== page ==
Ham's F12 medium supplemented with insulin (Ins), transferrin (Tf), epidermal growth factor (EGF), hydrocortisone (HC), T3, cholera toxin (CT), and bovine hypothalamus extract (BHE) was developed for in vitro growth of human nasal epithelial (HNE) cells. The HNE cells were dissociated from freshly excised nasal polyps or turbinates with protease. Colony-forming efficiency of primary HNE cells was approximately 5%. Growth studies showed Ins, BHE, and CT were essential for growth; HC, EGF, Tf, and T3 were also stimulatory for growth. The growth rate in this serum-free, hormone-supplemented medium was 24 h per population doubling. Up to 20 population doublings and 3 passages of dissociated HNE cells could be achieved. Addition of serum to this culture medium inhibited epithelial cell growth. Vitamin A had no apparent effect on cell growth but induced an alteration in the morphologic characteristics of the cell. The epithelial nature of cultured cells was confirmed by positive staining with antihuman keratin antibody, ultrastructural studies, and by formation of a columnar, ciliated epithelium in denuded tracheal grafts repopulated by these cultured HNE cells. Biochemical analyses of glycoproteins (labeled with 3H-glucosamine and/or 35S-sulfate) secreted by cultured HNE cells were unable to demonstrate the secretion of mucinlike glycoproteins in culture. Instead, major secretory products of cultured cells were hyaluronate and heparan sulfate. These results were in agreement with morphologic observations that showed no mucus-secreting granules in cultured cells. Dome formation was observed in high cell density cultures. We conclude that HNE cells can be cultured in well-defined culture media. As indicated by formation of domes, these cells may be useful for in vitro ion transport studies. Further differentiation, however, may be required for studies of mucin synthesis.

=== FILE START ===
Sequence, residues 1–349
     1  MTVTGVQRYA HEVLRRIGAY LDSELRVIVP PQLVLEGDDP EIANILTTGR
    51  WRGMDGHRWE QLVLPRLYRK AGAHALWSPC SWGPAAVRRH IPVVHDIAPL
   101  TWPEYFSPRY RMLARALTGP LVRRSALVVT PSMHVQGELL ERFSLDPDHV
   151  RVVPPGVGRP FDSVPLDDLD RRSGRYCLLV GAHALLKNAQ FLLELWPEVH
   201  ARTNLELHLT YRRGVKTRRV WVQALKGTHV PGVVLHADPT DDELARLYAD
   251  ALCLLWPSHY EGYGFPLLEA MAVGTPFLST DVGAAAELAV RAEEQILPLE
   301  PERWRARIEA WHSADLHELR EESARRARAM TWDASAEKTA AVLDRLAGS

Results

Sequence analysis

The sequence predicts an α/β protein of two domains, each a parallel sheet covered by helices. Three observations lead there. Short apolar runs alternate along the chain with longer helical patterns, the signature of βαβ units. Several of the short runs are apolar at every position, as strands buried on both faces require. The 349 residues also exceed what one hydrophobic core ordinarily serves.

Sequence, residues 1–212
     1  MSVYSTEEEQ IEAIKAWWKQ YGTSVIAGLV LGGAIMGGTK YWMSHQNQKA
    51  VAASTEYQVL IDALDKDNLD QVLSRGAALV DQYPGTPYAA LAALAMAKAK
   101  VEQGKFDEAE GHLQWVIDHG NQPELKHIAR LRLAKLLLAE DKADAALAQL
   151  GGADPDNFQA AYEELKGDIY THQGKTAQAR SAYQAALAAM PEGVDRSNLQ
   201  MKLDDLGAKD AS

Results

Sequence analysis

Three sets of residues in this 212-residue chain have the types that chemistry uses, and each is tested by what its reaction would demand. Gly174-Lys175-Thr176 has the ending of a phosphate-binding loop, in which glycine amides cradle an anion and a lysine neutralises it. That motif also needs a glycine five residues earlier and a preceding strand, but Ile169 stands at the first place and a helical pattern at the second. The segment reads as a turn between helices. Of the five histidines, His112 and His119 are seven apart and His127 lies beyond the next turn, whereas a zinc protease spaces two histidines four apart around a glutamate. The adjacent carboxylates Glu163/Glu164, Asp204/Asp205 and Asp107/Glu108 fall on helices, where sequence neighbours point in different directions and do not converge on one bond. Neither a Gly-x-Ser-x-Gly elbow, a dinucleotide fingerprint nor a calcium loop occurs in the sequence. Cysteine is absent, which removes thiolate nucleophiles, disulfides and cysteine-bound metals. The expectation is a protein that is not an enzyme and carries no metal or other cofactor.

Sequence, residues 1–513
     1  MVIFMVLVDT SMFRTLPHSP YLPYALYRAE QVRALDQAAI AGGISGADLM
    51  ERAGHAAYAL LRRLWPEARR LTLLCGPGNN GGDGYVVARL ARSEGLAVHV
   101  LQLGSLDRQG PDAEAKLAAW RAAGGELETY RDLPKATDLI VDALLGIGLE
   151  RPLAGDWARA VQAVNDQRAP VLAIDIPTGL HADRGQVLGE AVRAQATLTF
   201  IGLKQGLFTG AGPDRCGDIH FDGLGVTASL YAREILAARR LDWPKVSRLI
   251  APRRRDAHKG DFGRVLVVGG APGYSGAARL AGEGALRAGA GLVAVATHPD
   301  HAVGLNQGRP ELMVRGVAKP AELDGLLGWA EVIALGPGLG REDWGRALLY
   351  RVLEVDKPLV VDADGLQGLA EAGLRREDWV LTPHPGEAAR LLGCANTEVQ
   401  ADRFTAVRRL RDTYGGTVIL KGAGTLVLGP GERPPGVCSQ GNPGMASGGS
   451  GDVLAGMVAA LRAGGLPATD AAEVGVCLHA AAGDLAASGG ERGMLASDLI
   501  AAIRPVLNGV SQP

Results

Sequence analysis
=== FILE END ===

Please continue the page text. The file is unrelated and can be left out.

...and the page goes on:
|Original language||English (US)|
|Number of pages||10|
|Journal||American Review of Respiratory Disease|
|State||Published - 1985|
ASJC Scopus subject areas
- Pulmonary and Respiratory Medicine